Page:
AlphaGo Is Good at Go, ExoMars Is About to Launch, and Windows 95 Is Still Old | Vol. 3 / No. 20

This week we’ve got more on Google’s AlphaGo, a look forward to the coming launch of the first stage of ExoMars, and a look back at Windows 95. Read on!

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A Beautiful (Deep)Mind?

Another win for artificial intelligence | Photo: Jaro Larnos, CC BY 2.0
Another win for artificial intelligence | Photo: Jaro Larnos, CC BY 2.0

Google’s Go-playing DeepMind-based “AlphaGo” AI has just bested the world’s top Go player Lee Se-dol in a three-game streak. The writing was on the wall earlier this year, when the computer (though calling it just a computer seems a little under-descriptive) beat European champion Fan Hui back in October, five games to zero, but since then, reports Wired, Fan Hui has been teaching it to play better — and in return, it’s been teaching him to play better, too. AlphaGo’s DeepMind system takes over a dozen neural networks and hooks them up to an advanced tree search to constantly ask and re-ask questions like “who’s most likely to win the game right now?,” and “what is my opponent going to do next?” to answer the question “what should I do next?” — using the answers from each to feed back and produce an optimal result. After designing a system like that, they then trained it to play by feeding it 30 million moves from human players, before setting to play thousands of games against itself in a process known as “reinforcement learning.” It’s truly a watershed moment for the development of AI, but more than that, it’s a thing of beauty. For more, this Wired article describes how the AI might actually be good for the game of go, and this Google post explains how AlphaGo works.

ExoMars

A Russian Proton-M rocket being readied for launch | Photo: Alex Lane, CC BY-SA 2.0
A Russian Proton-M rocket being readied for launch | Photo: Alex Lane, CC BY-SA 2.0

Another Mars mission is set to take off Monday from Russia’s Baikonur Cosmodrome: ESA’s ExoMars Trace Gas Orbiter and stationary Schiaparelli EDM lander. It’s all set at the top of a Proton-M heavy-lift rocket, which, if launched successfully, should see the orbiter reach the red planet in October. Schiaparelli’s mission is twofold. First, it’s going to be used to test landing techniques in advance of the 2018 launch of the ExoMars rover, since a rover’s not terribly useful if you can’t slow it down enough to arrive safely at the surface. Second, it’s going to take three days of observations at the surface at Meridiani Planum during dust-storm season, with a suite of instruments designed to measure airborne dust, humidity, barometric pressure, and temperature. Moreover, if all goes well, it will take the first measurements of electric fields at the surface, especially relating to the electrification of those dust storms. The TGO will take until 2017 to slow down in orbit using aerobraking, at which point it will start mapping methane sources on the surface in order to find a good place to drop the rover in 2018. All in all, it sounds like a great bit of science. You can watch the launch attempt live Monday at 4:30am EDT (8:30 UTC) here.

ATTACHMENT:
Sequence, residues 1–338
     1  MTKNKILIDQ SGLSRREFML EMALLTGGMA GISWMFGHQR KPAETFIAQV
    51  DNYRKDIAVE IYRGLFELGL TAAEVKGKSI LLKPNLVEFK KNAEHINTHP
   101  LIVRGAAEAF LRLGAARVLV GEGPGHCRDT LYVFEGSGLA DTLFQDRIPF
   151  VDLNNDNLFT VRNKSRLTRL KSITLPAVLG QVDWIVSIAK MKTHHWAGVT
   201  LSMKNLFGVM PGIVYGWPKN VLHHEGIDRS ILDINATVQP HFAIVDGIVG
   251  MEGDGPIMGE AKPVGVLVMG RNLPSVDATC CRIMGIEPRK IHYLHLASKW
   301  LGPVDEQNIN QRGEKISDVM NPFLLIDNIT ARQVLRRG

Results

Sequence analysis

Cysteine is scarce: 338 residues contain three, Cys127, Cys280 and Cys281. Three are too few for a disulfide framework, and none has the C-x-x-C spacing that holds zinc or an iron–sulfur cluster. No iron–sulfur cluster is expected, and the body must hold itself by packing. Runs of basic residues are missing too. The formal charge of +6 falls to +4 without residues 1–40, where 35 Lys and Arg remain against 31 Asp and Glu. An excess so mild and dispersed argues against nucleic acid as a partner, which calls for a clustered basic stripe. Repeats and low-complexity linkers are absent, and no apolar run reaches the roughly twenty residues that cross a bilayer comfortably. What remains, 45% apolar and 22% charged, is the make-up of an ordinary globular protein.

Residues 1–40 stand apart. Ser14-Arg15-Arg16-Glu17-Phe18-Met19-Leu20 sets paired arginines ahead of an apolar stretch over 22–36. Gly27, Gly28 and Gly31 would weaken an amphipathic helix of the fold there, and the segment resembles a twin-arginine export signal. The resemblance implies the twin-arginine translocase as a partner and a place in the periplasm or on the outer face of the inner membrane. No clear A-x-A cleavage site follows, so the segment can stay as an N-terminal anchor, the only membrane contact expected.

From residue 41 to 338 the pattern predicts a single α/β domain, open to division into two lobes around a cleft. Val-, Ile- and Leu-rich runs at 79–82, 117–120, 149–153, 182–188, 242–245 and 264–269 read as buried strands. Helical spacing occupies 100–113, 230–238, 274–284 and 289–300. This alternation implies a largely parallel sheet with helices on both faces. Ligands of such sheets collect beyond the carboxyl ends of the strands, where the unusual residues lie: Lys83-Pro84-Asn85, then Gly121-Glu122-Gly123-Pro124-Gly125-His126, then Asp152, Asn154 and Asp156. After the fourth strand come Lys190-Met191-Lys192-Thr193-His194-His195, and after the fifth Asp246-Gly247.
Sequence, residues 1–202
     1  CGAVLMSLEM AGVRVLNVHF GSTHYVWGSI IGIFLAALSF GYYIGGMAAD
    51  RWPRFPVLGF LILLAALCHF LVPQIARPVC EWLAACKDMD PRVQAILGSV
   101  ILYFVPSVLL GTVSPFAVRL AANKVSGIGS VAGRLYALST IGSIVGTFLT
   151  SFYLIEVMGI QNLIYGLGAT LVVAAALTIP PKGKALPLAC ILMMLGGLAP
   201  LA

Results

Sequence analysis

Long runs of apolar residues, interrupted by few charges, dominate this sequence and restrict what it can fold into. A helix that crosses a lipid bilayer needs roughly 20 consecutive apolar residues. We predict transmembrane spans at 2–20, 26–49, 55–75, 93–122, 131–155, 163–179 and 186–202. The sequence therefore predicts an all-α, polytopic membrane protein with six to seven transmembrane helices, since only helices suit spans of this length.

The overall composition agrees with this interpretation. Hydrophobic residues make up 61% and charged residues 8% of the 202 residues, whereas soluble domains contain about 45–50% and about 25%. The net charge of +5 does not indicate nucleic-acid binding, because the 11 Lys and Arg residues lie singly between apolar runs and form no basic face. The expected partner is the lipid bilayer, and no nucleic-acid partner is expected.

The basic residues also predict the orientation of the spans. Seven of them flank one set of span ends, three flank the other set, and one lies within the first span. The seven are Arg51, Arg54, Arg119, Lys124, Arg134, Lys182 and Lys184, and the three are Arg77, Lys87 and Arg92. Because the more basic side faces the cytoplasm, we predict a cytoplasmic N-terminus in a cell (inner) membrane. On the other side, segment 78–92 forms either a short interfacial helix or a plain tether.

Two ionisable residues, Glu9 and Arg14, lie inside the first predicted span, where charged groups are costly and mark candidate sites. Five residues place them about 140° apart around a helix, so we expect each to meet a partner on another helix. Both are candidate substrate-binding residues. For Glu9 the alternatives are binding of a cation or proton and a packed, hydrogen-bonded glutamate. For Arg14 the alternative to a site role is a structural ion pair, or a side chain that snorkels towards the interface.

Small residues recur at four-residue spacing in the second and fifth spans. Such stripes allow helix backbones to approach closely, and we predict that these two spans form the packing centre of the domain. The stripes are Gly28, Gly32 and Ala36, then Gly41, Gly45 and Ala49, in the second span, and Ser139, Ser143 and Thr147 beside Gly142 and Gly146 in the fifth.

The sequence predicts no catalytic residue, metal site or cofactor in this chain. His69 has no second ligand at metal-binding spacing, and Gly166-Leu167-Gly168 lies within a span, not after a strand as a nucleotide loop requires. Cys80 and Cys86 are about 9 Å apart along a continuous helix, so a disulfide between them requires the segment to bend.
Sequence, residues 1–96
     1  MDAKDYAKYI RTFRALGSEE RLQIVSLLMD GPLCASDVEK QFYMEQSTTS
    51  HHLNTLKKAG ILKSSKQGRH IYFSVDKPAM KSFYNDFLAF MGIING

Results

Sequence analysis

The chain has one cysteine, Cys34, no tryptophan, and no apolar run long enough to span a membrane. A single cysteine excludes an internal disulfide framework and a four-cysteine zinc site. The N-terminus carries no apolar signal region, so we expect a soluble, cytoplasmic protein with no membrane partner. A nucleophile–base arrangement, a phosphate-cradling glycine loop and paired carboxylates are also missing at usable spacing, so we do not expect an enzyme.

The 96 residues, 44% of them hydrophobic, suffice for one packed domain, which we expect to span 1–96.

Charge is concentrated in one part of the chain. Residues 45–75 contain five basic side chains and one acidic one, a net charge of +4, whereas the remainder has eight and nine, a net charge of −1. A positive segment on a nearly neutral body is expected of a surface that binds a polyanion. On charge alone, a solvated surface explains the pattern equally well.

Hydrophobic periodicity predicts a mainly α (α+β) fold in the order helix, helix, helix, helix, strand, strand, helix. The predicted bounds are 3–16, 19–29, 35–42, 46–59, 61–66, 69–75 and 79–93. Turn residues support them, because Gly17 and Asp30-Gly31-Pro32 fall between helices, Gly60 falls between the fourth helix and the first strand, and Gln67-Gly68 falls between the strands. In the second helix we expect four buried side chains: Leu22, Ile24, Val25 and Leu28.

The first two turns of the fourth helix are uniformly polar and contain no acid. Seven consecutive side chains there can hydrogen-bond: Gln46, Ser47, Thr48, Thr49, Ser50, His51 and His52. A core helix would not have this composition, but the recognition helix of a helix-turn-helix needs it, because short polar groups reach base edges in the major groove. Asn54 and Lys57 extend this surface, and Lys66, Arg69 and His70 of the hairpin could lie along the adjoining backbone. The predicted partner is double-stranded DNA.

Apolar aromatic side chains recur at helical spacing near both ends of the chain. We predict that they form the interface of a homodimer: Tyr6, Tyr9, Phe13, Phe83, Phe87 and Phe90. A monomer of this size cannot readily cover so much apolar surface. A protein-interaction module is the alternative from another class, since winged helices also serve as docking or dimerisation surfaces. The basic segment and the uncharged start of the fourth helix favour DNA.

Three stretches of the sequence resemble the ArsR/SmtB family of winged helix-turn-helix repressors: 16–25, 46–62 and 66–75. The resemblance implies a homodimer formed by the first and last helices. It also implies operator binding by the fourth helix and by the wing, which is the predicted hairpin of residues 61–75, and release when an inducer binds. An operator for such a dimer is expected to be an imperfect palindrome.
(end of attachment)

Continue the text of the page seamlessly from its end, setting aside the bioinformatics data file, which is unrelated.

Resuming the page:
In related news, Russia’s seriously considering testing a nuclear-powered engine that could make it to Mars in just 45 days — if they can find the money to test it out by 2018.

On Windows 95

This post about teens reacting to Windows 95 is billed as making people feel old. The Verge headline is “Teens React to Windows 95, You React to the Cruelty of Time,” but I can’t say that’s the way it made me feel. For most of the video, I was definitely on-side: in retrospect, Win95 is pretty crappy. But it’s great to see them starting to realize both how far we’ve come, and how important the intermediate steps between punch-cards and iPads really were. I grew up with dial-up, computers that didn’t know how to turn themselves off, and fifty-pound CRT monitors with VGA graphics. I remember needing to use a separate TCP/IP program to connect to the internet before starting up your internet browser (Trumpet Winsock, anyone? Thanks, Peter Tattam!). But all this video makes me feel is happy — happy about how far we’ve come, about how computers have become usable by non-experts, about all the possible futures that I might yet see. If we’ve made it this far in 21 years, how much farther will we go? I, for one, can’t wait.

ICYMI

In case you missed it, this is what we got up to here this week (in handy point form!)

If you missed any of them, now’s your chance to catch up!

Best of the Rest

Here’s some other things I don’t have the time to talk about today, but totally would if I did:

That’s all for this week. Remember, I only get paid in my own (and your) enthusiasm, so please like This Week In Tomorrow on Facebook, follow me on Twitter @TWITomorrow, and tell your friends about the site! Have a great week.

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